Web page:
pediatric trauma registries, including the National Trauma Database

(NTDB), the information within these registries differs in comparison

to that which we analyzed for this report. In 2014, Wyrick et al., using
NTDB data from 2007 to 2010, attempted to dene the presenting
hemodynamic parameters that predict survival for pediatric patients
undergoing an EDT [27]. They reviewed 316 children (70 blunt, 240
penetrating), with a survival to discharge of 31%. They concluded that
when an EDT was performed for SBP 50 mmHg or for heart rate
70 bpm, less than 5% of patients survived. There were no survivors
of blunt trauma when SBP was 60 mmHg or pulse was 80 bpm.
However, a possible major limitation of their study is that the NTDB
does not have a specic code for an emergency resuscitative thoracotomy,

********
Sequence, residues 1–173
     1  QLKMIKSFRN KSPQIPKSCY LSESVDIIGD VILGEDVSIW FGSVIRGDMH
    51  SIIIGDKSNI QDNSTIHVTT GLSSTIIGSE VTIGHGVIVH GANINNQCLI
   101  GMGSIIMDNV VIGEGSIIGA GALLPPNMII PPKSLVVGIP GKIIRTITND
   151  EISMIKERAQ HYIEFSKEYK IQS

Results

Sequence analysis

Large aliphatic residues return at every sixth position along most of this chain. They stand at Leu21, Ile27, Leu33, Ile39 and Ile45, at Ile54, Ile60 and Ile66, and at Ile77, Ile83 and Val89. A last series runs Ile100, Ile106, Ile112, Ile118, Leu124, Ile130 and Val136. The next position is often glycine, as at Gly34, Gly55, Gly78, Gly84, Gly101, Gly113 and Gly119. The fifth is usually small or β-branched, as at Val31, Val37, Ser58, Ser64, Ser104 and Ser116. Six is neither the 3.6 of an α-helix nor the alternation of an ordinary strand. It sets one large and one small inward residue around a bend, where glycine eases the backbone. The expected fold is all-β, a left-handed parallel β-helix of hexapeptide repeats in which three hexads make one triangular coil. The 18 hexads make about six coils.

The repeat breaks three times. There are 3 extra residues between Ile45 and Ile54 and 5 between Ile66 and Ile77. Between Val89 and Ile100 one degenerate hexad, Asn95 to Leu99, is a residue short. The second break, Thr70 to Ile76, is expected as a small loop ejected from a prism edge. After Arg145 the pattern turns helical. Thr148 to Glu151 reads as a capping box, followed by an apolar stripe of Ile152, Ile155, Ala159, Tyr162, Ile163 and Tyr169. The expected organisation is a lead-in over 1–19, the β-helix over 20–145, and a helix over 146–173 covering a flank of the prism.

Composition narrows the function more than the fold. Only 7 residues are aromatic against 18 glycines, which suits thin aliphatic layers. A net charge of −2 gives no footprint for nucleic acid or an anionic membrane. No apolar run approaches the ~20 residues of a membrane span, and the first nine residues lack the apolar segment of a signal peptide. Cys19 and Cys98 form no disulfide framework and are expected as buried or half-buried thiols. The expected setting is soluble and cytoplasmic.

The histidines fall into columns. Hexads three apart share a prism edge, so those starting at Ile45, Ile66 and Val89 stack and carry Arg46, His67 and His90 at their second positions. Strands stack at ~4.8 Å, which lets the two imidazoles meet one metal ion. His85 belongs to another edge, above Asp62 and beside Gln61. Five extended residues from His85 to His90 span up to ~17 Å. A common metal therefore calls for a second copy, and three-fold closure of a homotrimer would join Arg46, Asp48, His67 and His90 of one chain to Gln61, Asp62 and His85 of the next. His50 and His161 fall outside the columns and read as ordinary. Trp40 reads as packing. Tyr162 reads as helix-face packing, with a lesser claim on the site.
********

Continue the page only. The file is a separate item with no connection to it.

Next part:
and the authors instead used exploratory thoracotomy to select their
sample. Exploratory thoracotomy can be used to infer the denition of
an EDT when a thoracotomy is performed within a short time of arrival
to the ED (Wyrick et al. used 1 hour), however there are other indications
to perform a thoracotomy (i.e. high output from chest tube with hemodynamic instability) that are not necessarily the same as for an EDT (loss of
vital signs, etc.), and EDT may sometimes be performed after 1 hour of
arrival to the ED. Also, the NTDB does not code when a patient has a
transient ROSC following an EDT. Furthermore, this trauma registry
does not specically indicate when a patient arrives without vital signs,
as this scenario can possibly lead to blank entries which may also be missing data points in the registry, nor does the NTDB indicate presence of SOL
upon arrival. These variables (presence of VS/SOL upon arrival and ROSC)
are the basis for the indication to perform an EDT and some of the
outcomes assessed by both the ACS and WTA in adults. In addition, the
NTDB by their own admission is susceptible to all of the limitations of
all convenience samples including variance in data quality which is